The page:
Generally speaking, red meat like corned beef and mutton aren’t too healthy for Pacific Islanders, and is one of the reasons why most doctors recommend a meat-free diet for those who get sick when they age. It contains high amounts of saturated fat, cholesterol, and sodium—all of which are not good for heart health and blood pressure. And to make things worse, tinned corned beef and mutton is cured with sodium nitrite to maintain the colour and flavour of the meat, while impeding bacterial growth. Nevertheless, there’s a bright side to eating corned meats as well. Corned beef contains a good amount of essential nutrients. It is a good source of protein, zinc, iron, and vitamin B complex. These nutrients are useful in maintaining and performing vital organ functions. Corned beef also contains zinc, which helps to heal wounds and acne quickly, maintains proper functioning of the immune and digestive systems, improves metabolism, and controls diabetes and stress levels. The iron content plays a role in the proper absorption of oxygen in the blood and produces haemoglobin. It also prevents and treats anaemia and fatigue. Antioxidants like selenium are also found in considerable amounts in corned beef. The selenium in it has anti-inflammatory properties, promotes good heart health, and can reduce oxidative stress. So eating corned beef and mutton sporadically will not cause any major health hazards. However, people with heart issues and other medical conditions should refrain from eating it, or at least consult their doctor.

Corned meats aredesigned for survival.

Tips on how to enjoy

To enjoy the occasional canned meat there are some little tricks to help reduce the fat and salt intake including draining off the excess fat once cooked, or mixing the meat with more fat-fighting ingredients like fresh vegetables and citrus. If you have a choice of a reduced salt or less oil version, then definitely choose to buy these. Another way to enjoy tinned meats with less guilt is to follow the Chinese principle of flushing. Rather than leave the salt and fat inside your gastrointestinal tract to digest normally, flush it out with hot drinks, not cold. Fats tend to solidify when they come in contact with cold drinks, causing blockages of the digestive tubes, leading to gastric, or if the oil seeps into your bloodstream, can cause blockages of blood vessels leading to heart attack. The Chinese usually drink cups of hot black tea or hot water when eating any oily foods, to push the fat through the digestive tract and eventually out the back door when you visit the washroom – as quickly as possible. Also, try to not eat tinned meats late at night, especially after yagona, as the fatty meat will stay stuck in your tubes whilst you sleep. It’s not a very appetizing way to talk about tinned meats, but you need to balance the bad with the good.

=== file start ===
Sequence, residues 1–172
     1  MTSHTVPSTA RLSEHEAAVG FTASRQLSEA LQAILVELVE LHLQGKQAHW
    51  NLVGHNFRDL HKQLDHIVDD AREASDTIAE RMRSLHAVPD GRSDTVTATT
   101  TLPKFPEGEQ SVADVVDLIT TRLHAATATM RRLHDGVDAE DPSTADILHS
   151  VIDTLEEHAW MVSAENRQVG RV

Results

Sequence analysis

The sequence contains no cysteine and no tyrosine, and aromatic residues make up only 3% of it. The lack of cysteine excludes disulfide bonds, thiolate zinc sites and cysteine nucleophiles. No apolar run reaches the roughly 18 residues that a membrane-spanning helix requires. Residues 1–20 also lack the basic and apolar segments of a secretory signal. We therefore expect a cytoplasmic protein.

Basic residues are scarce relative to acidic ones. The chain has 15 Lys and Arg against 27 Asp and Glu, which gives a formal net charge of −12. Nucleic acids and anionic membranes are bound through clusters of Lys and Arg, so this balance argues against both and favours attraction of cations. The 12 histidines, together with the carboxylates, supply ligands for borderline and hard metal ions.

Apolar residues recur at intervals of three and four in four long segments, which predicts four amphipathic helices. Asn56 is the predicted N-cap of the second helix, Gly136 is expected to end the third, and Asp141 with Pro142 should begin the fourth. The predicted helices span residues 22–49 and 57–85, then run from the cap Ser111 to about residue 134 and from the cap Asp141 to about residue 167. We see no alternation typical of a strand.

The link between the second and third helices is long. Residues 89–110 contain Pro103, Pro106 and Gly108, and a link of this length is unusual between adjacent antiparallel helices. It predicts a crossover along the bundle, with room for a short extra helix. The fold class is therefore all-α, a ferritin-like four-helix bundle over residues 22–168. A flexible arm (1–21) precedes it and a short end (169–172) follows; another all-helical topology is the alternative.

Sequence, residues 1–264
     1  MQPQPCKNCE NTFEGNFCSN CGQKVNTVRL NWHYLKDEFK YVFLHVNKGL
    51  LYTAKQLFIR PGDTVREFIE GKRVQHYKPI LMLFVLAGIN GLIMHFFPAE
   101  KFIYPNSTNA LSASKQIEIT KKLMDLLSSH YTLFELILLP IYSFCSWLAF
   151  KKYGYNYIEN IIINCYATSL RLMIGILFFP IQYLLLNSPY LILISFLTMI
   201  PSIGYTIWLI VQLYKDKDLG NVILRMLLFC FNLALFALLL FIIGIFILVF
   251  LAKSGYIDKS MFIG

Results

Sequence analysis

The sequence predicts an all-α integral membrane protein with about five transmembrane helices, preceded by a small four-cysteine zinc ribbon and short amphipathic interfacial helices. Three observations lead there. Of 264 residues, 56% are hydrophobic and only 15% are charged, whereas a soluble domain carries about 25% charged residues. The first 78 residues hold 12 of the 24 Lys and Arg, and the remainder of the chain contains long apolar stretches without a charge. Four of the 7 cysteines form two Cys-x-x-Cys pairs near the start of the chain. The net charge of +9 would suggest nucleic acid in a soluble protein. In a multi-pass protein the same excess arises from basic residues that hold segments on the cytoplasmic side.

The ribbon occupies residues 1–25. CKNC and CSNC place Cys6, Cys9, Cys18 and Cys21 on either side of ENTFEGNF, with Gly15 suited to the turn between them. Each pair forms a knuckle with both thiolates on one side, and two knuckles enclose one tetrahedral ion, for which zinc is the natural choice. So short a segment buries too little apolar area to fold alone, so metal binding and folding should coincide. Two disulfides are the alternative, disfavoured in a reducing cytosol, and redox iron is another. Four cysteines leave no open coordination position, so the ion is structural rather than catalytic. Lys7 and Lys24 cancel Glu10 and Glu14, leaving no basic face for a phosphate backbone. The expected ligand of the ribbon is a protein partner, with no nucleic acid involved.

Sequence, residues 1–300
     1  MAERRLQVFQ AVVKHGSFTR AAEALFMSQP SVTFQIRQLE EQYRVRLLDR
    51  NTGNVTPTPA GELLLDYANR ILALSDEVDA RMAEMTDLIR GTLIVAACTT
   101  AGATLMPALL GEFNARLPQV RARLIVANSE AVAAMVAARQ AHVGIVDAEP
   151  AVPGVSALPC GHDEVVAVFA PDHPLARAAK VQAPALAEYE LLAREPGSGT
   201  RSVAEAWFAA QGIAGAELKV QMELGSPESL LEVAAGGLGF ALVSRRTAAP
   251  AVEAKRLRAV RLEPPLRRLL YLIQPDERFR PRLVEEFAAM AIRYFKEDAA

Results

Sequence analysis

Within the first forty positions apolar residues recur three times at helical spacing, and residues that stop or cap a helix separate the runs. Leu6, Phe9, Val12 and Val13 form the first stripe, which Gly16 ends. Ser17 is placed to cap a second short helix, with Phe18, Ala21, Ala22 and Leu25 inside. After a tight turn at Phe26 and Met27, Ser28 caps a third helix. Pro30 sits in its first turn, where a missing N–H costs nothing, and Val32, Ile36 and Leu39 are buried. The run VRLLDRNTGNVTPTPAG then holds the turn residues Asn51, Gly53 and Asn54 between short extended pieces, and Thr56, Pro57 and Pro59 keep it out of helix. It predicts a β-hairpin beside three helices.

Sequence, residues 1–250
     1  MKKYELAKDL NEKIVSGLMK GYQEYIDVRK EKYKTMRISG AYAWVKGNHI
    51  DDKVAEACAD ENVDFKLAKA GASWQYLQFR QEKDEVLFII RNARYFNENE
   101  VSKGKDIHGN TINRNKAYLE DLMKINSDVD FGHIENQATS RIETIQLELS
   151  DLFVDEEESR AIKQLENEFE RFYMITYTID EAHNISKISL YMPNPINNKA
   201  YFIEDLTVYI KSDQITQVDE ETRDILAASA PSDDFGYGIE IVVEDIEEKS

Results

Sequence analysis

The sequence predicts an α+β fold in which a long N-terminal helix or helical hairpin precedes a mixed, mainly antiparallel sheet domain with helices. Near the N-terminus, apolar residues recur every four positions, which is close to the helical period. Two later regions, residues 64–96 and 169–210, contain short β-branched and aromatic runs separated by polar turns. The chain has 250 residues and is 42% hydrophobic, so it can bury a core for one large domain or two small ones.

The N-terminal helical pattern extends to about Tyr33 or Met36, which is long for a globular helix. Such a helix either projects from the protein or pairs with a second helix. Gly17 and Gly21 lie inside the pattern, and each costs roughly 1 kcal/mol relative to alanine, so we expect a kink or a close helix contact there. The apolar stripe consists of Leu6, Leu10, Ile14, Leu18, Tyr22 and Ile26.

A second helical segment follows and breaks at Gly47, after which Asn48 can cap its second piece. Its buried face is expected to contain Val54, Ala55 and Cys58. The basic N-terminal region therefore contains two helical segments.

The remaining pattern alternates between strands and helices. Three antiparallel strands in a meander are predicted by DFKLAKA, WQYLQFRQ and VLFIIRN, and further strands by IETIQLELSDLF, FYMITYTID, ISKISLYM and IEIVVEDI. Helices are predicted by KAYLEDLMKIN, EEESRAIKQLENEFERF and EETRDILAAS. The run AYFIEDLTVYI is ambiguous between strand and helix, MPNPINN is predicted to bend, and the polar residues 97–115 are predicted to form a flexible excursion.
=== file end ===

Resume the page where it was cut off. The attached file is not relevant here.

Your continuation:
Eat, flush, poo.

Add corned meats toyour favorite soup. Picture: LANCE SEETO

  •  Lance Seeto is the executive chef and owner of KANU Restaurant in Martintar, and the host of FBC-TV’s Exotic Delights.



Grilled cheese and corned beef sandwich

Liven up a toasted sandwich with
tinned meat. Picture: LANCE SEETO

1 260gram can corned beef or mutton

16 slices white bread

3 brown onions, peeled and sliced

butter, softened, for brushing

2 cups cheddar cheese, grated

  1. Heat a frying pan over medium-high heat. Add corned beef; cook for 1 to 2 minutes or until some of the juices have evaporated. Strain and set aside.
  2.      Brush one side of 16 white bread slices with softened butter. Top a bread slice, buttered side down, with ¼ cup each corned beef, cheddar cheese and raw onions. Cover with another bread slice, buttered side up. Repeat to make 7 more sandwiches.
  3.      Heat a large, heavy-bottomed frying pan until almost smoking. Grill 2 sandwiches until browned, about 1 to 1½ minutes on each side, pressing down sandwiches slightly with a turner. Repeat with remaining sandwiches.
  4.      Serve immediately with tomato ketchup or tamarind chutney.

Jamaican tinned meat and cabbage

Tinned meat and cabbage with a Jamaican twist. Picture: LANCE SEETO